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*Global Mythology and World Cinema*

A proposed edited collection by Mikel J. Koven (University of Worcester)

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*Global Mythology and World Cinema* will be a collection of essays which
discuss how a variety of world cinemas use their own indigenous cultural
mythologies. The *function* of these myths and their filmic counterparts
will vary from culture-to-culture and from film-to-film. The collection will
argue against the extant paradigm of “mythic cinema”, wherein the term
“myth,” co-opted by Jungians and Campbellians, refers to any vague perceived
universal archetype.  This collection will be about cultural specificity,
not universal generalizations, regarding the sacred and how that sacred is
manifested in world cinema.

In terms of a definition of “myth”, *Global Mythology and World
Cinema*begins with William Bascom’s 1965 definition (in “The Forms of
Prose Narratives” in *Journal of American Folklore* 78: 3-20) and builds
from there. Bascom defined myths as “prose narratives which, in the society
in which they are told, are considered to be truthful accounts of what
happened in the remote past”. Bascom continues,

 They are accepted on faith; they are taught to be believed; and they can be
cited as authority in answer to ignorance, doubt, or disbelief. Myths are
the embodiment of dogma; they are usually sacred; and they are often
associated with theology and ritual. Their main characters are not usually
human beings, but they often have human attributes; they are animals,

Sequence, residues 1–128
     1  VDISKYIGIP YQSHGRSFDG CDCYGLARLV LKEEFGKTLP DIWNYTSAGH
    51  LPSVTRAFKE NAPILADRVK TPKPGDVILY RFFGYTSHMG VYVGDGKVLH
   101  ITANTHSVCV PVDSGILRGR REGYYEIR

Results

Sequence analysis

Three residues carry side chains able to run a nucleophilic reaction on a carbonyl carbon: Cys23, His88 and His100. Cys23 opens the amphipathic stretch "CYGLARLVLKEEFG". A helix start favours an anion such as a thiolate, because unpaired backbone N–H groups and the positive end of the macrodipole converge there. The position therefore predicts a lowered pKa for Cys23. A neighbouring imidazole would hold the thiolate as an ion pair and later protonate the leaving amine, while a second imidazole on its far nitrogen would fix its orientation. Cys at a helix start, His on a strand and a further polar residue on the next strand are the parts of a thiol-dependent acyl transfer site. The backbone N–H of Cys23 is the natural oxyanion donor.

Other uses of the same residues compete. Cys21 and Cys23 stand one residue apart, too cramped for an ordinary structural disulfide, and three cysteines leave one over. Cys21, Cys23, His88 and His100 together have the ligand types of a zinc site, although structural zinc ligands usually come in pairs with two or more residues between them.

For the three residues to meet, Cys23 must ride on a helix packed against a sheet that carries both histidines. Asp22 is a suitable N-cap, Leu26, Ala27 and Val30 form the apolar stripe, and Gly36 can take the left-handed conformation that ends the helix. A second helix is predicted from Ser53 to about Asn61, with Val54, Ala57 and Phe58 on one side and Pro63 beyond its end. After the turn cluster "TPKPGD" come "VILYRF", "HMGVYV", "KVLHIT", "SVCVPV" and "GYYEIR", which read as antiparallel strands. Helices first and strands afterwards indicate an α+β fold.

deities, or culture heroes, whose actions are set in an earlier world, when
the earth was different from what it is today, or in another world such as
the sky or underworld. (4)

While *Global Mythology and World Cinema* will not be limited to Bascom’s
definition, we use it here to make that distinction between the current
project and how other scholars have used the word “myth”, often in the same
generalized and universalized way that Carl Jung and Joseph Campbell have.
This current project seeks to rescue the genre from its use to refer to
(imagined) archetypes, and welcomes opportunities to bridge the
anthropological and folkloric definitions with more cultural studies
approaches (i.e. Levi-Strauss and Barthes).

We seek in-depth papers (approximately between 8000-10, 000 words) exploring
the indigenous mythic visions from the following cultural groups’ cinemas:

·         Japanese cinema

·         Chinese cinema

·         Korean cinema

·         Polynesian and South East Asian cinemas

·         Oceanic cinemas (i.e. Maori and Australian Aborigine)

·         Indian cinemas

·         African cinemas (from many regions and groups)

·         Middle-Eastern and Arab cinemas

·         and the cinemas and mythologies of Native Ameicans

Other topics may also be suggested; the above list is intended as
illustrative, not definitive.

While an academic publisher has been approached, and interest in the
collection has been expressed, we are not yet at the stage to request
abstracts: We are currently looking for statements of “interest”.

If you have an idea which you would like to be considered for inclusion in
this book, please email Mikel J. Koven ([log in to unmask]) with a brief
(informal) description of what you would like to write on by 31 October
2010. The deadline for formal abstracts (200-words) will be a few months
later, and final papers would not need to be submitted until January 2012.

Mikel J. Koven
Sed quis custodiet ipsos custodes?
- Juvenal (Satires VI)

Screen-L is sponsored by the Telecommunication & Film Dept., the
University of Alabama: http://www.tcf.ua.edu